An expert panel has predicted that travel will follow in the footsteps of manufacturing, with technology helping firms produce more with less staff.
Speakers at Travolution’s Travel Innovators session at Eyefortravel in London on Thursday said that with more travel booking moving online, firms would adapt to use fewer staff per booking when discussing the results of Travolution’s annual Innovation report.
Dave Jones, director of Atcore, said: “Manufacturing is a very interesting industry to compare to travel. If you go back ten to fifteen years, when lastminute.com and Expedia had just been born, manufacturing had nothing like the technology we saw in travel. But that’s changed a huge amount.
“There’s a huge drop off in employment in manufacturing but at the same time there’s as massive increase in productivity in the manufacturing industry. They are doing a whole load more than before with a whole load less staff. I think that’s a trend that we’ll start to see through travel.”
Jones said there had already been a ‘modest’ drop-off in the number of staff due to the rise of technology.
“Technology is a deflationary force,” he added. “It used to be really hard to build technology and really easy to sell. There wasn’t much around. It’s the other way around now, it’s much easier to build stuff because technology is getting so much better.”
Andy Owen Jones, co-founder and CEO of BD4Travel said there was some “fun” use of robots at hotels, but technology was unlikely to replace humans in roles such as reception.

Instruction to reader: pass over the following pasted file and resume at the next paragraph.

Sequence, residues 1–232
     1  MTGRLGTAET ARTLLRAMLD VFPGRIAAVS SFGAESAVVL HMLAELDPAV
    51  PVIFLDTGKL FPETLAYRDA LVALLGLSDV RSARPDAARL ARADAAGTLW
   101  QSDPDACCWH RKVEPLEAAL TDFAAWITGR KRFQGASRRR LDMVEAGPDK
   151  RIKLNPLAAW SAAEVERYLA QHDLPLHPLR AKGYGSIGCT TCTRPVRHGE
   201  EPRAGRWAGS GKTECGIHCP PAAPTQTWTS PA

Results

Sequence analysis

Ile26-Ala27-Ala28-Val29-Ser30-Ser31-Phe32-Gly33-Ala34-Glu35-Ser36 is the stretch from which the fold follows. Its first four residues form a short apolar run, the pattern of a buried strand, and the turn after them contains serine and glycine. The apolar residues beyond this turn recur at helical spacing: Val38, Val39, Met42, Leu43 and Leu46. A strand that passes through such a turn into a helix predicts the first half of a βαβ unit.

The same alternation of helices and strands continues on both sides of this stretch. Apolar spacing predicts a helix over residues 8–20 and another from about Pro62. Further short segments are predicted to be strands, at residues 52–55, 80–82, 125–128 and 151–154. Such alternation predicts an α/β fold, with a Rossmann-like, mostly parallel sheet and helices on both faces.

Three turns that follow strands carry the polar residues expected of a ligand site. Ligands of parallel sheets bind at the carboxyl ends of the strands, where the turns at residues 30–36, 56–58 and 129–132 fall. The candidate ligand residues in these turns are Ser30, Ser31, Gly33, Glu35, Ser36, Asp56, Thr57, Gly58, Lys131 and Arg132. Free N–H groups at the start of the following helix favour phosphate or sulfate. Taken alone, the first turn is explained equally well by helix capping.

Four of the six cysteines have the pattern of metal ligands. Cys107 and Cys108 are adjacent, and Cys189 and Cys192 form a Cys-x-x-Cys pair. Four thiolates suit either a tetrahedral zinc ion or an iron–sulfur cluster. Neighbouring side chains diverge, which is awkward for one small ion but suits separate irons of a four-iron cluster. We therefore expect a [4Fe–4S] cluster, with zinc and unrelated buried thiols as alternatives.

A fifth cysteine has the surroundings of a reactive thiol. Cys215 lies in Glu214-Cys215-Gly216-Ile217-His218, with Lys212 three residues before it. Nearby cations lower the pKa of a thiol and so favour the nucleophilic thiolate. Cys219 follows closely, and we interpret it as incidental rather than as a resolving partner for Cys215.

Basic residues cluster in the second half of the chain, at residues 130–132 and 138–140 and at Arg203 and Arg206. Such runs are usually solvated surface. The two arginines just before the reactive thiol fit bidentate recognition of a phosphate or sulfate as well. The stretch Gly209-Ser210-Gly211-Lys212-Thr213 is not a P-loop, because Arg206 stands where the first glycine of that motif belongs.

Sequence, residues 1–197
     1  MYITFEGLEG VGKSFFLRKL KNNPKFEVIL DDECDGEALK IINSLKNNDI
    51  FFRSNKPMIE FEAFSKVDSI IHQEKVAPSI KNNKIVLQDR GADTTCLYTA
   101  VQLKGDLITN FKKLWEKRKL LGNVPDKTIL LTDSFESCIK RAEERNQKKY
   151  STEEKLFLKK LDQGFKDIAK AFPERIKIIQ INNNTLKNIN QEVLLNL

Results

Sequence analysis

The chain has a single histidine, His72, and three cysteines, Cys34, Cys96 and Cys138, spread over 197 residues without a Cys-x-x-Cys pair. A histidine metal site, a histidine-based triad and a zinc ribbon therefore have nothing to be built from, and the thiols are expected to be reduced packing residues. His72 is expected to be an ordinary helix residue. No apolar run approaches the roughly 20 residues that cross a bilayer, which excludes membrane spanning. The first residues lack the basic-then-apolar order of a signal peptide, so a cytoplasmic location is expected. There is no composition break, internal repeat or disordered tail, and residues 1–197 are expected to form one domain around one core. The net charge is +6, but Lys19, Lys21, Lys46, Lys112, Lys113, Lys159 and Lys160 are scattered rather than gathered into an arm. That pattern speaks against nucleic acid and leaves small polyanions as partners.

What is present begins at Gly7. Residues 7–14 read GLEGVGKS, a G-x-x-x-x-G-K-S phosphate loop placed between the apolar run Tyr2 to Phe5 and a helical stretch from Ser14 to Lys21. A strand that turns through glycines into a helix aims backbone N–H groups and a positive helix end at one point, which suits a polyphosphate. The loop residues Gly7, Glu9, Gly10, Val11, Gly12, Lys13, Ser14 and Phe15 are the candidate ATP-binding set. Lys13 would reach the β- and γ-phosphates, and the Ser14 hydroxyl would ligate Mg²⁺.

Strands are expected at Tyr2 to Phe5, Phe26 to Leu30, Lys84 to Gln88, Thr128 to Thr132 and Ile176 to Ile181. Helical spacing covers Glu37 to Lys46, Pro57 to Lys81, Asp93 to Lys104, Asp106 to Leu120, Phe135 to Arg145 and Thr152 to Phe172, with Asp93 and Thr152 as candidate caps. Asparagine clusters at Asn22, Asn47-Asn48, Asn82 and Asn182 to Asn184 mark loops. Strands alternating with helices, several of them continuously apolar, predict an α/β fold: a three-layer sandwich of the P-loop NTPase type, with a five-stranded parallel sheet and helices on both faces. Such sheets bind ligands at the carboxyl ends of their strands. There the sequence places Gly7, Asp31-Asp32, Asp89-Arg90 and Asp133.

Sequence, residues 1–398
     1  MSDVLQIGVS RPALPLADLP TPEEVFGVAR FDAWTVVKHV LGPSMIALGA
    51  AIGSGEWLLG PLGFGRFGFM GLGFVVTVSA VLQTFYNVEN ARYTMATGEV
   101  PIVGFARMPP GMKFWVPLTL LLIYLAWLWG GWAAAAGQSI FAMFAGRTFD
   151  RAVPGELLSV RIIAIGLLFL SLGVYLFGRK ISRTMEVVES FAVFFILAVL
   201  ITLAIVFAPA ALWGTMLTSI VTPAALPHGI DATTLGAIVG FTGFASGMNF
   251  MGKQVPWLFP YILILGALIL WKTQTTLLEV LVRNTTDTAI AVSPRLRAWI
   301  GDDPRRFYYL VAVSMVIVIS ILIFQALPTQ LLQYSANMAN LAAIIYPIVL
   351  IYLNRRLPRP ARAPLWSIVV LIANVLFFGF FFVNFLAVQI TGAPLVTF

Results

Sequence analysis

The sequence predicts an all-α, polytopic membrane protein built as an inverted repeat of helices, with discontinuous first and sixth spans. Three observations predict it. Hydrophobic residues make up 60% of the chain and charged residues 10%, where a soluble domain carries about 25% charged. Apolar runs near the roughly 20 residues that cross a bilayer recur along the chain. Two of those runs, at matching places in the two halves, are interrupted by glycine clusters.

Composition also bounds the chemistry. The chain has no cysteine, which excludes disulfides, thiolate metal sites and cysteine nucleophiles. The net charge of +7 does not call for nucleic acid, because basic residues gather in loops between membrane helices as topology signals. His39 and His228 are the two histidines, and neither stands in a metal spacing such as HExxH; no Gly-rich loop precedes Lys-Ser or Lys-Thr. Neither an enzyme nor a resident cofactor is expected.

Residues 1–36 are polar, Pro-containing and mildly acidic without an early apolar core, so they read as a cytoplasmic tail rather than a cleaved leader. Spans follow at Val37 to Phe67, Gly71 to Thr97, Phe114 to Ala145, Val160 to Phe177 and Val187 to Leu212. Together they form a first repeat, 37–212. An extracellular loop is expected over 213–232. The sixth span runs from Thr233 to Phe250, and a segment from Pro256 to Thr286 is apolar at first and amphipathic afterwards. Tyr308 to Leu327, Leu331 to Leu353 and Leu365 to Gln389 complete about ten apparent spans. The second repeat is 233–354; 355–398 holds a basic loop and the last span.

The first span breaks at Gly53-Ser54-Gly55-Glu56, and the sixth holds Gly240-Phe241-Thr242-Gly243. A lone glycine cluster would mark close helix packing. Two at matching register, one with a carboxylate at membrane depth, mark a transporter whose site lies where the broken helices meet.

Instead, he said, artificial intelligence will be brought in only when it can produce a better result than people.
He said: “Where big concentrations of people are taking decisions which could be made better by an algorithm, that’s where you’ll see people costs go down very quickly, like in manufacturing.
“The equivalent of the robot is not the robot at the hotel desk, it’s the people who are choosing the products for the tour operator.”
But he went on to say the issue is that “no one wants to vote for that”, adding: “If your powerbase is built on the number of people you employ, and our society has historically valued people, it’s going to be quite a mindset change. Is that a process that the larger players go through themselves or do smaller players come in who have mastered that and drive that themselves?
“The people who resist technology most are the ones who are directly replaceable by an algorithm. That becomes an interesting debate because actually if they master it they can ride in front of it and take it forward.”
Scott Leslie, international marketing manager at Traveltek, used the example of Flight Centre buying a £7m stake in Argentinian tech-focussed travel group Bibam. He said: “Travel agents and tour operators have to be perceived to be ahead of the curve and follow the current trends for booking packages. You see these travel agencies wanting to expand their digital footprint, at the same time get into other markets. They want the intelligence and digital knowledge that these companies have. They want to be seen that they are on top of the digital game.”
But he said it takes time, and resource, to move teams over to new software from legacy systems, adding: “You need to update the staff on how to use the systems. And you need to have the transition period going between legacy systems to a new system. Consultants need to be brought in to teach your travel agents and staff how to do that. That’s why there’s a high cost to computer services.
“I think spending on services will go down once the companies have transitioned away from their old systems. Their reliance on consultants will go down.”